But it seems fairly apparent that new owner Jeff Loria has a thing for ex-New York ballplayers, and Henderson would fit right in with Hideki Irabu and Graeme Lloyd. I'll give you two-to-one odds that Luis Sojo finishes his career in Quebec.

Yes, another column on pitch counts.

Many of you may think this subject has already been beaten to within an inch of its life. Indeed, perhaps I should devote today's column to violence in the stands, Don Baylor's ineptitude, or the difference -- "Egads! It's not cork-centered any more!" -- between the 1999 and 2000 baseballs.

Fear not, for I'm sure we'll get to all of those eventually. But I believe that the "abuse" of young pitchers is one of the most important issues in the game, and last night a reader forwarded me a relevant column written by Bernie Miklasz of the St. Louis Post-Dispatch. The subject is Rick Ankiel's workload this season, which of course has been a frequent subject in this space. After a few introductory paragraphs, Miklasz writes:

Ankiel has made seven starts this year. His pitch counts were: 102, 91, 112, 99, 116, 95 and 118. Twice in recent weeks -- when Ankiel clocked 116 and 118 pitches -- Cardinals manager Tony La Russa was criticized by baseball analyst Rob Neyer on I want to say this about Neyer: I respect him and enjoy his work. Yeah, he's a little nervous about pitch counts, but he's no Chicken Little.

Still, when Neyer sounds off about La Russa's supervision of Ankiel, my e-mail box runneth over. The thoughts are usually along the lines of, "What is Tony doing? He's going to wreck Ankiel. Make him stop before it's too late." But then the Oldtime baseballers check in, irritated at La Russa for pulling Ankiel after seven shutout innings. "Let him finish the game," they say. "Warren Spahn never had a pitch count."

I want to say this about Miklasz: I've been a fan for years. People write me all the time and ask, "Hey Rob, aside from the guys at, which columnists do you read?" The answer, I have to admit, is "Not many." I rarely find the time to surf around and read other columnists. But there are a few guys I do enjoy, among them Miklasz in St. Louis, and Art Martone, who writes for the Providence Journal-Bulletin and is, in some respects, the columnist I wish I were. (And of course I love David Rawnsley's stuff, but he works for a competitor now, so I'm not sure if I'm allowed to mention him. If not, please forget you read that last sentence.)

The point being, Miklasz is a guy that I truly respect (and I'm not just saying that because he reads my column). I also have an immense amount of respect for Tony La Russa. I think you have to like a guy who can serve as an eloquent spokesman for animal rights and effectively manage 25 baseball players, roughly 23 of whom subscribe to both "Guns and Ammo" and "Bow-Hunting Monthly."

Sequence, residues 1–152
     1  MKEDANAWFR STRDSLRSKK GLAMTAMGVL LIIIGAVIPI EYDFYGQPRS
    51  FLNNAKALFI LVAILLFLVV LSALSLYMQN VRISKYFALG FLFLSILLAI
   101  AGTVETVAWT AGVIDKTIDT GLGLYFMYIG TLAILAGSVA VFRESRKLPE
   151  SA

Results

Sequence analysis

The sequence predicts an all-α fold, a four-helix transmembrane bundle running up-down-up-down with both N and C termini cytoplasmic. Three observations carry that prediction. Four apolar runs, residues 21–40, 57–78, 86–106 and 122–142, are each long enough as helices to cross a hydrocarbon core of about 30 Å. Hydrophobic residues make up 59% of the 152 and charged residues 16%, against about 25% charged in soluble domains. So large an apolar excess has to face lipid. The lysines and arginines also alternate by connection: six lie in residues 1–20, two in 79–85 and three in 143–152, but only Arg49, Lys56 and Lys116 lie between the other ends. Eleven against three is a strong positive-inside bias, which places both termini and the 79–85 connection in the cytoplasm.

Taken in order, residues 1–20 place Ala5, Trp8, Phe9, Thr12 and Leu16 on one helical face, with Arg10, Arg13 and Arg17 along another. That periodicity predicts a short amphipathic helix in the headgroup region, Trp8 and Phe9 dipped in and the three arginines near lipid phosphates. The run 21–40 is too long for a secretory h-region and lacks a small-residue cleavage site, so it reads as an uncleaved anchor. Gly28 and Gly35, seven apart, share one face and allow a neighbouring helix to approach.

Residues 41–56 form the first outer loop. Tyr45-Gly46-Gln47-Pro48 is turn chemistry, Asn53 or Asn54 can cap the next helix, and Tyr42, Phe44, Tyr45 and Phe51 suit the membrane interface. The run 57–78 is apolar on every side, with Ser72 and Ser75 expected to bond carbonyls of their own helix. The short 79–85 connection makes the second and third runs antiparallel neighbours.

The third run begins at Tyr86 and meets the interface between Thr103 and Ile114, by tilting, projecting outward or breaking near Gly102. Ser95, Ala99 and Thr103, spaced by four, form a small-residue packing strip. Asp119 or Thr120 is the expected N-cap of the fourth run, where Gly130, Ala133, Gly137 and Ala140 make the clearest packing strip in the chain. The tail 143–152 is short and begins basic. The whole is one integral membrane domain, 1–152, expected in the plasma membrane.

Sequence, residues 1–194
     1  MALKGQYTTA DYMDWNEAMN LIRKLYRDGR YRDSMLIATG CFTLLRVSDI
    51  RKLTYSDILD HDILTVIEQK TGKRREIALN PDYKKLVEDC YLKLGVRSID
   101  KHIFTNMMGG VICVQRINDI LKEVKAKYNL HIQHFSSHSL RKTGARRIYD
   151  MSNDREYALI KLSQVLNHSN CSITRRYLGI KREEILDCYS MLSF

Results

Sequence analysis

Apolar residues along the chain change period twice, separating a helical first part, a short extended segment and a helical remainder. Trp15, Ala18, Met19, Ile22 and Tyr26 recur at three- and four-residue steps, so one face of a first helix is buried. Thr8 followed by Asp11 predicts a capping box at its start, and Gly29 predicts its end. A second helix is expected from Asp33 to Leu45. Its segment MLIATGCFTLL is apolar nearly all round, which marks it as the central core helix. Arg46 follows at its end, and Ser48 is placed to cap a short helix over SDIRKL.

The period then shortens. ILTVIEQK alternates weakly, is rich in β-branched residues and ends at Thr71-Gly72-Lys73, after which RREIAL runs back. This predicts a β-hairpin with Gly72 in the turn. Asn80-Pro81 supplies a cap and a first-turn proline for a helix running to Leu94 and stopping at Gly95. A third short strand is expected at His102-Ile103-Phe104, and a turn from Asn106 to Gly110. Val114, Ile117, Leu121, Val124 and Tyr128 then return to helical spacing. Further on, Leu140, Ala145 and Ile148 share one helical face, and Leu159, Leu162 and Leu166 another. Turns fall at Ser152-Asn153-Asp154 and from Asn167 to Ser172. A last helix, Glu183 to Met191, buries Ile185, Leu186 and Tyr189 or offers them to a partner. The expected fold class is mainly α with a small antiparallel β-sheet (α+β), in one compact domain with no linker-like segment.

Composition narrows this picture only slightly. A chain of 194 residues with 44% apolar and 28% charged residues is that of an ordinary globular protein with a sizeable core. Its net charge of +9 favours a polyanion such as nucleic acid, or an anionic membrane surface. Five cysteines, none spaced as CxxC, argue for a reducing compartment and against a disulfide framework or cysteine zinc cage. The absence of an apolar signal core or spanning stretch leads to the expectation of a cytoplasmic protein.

But La Russa's "plan" for keeping Ankiel healthy strikes me as something less than enlightened. "The best answer is to watch the game that Ankiel is pitching," La Russa said, "and see how consistent and how smooth his delivery looks. When he has a good delivery ... 115 to 120 pitches will be less taxing on his arm than if he throws 90 pitches, and his delivery is out of whack."

"He's still learning his delivery. On some nights, he's nice and easy. You can let him throw more ... But then there are days when he's fighting himself and making a lot of weird-looking throws, then that's trouble. You don't push him."

This is an old theory, the idea that as long as a pitcher looks good, why then he must not be doing any harm to himself. In fact, it's quite consistent with much baseball "thinking," which runs along the lines of, "I don't need to know anything, I'll just watch the players and figure it all out. I'm a baseball man."

Uh-huh. Anyway, here's one last piece of Miklasz's column ... "The Oldtime baseball people scoff. They'll point out how it never bothered Bob Gibson to throw 140 pitches in a game, back in the days when pitchers were really pitchers ..."

Would you like to guess how old Bob Gibson was when he first pitched more than a hundred innings in a major league season?

Gibson broke in with the Cardinals in 1959, when he was 23, and pitched 76 innings. The next year, when he was 24, he pitched the grand total of 87 innings in the majors. It wasn't until 1961, when Gibson was 25 years old, that he topped 100 innings in a season.

Ankiel doesn't turn 25 until July. In the year 2004. So in a discussion of the proper care and feeding of Rick Ankiel, the name Bob Gibson shouldn't even come up. Oh, and Warren Spahn, who "never had a pitch count"? Like Gibson, Spahn also didn't top 100 innings until he was 25.

Don Drysdale's another one they always talk about. Yeah, he threw 221 innings when he was 20 ... and at 32, he was washed up. How would you like to suffer a debilitating injury that costs you your job when you're 32? That's what happened to Drysdale.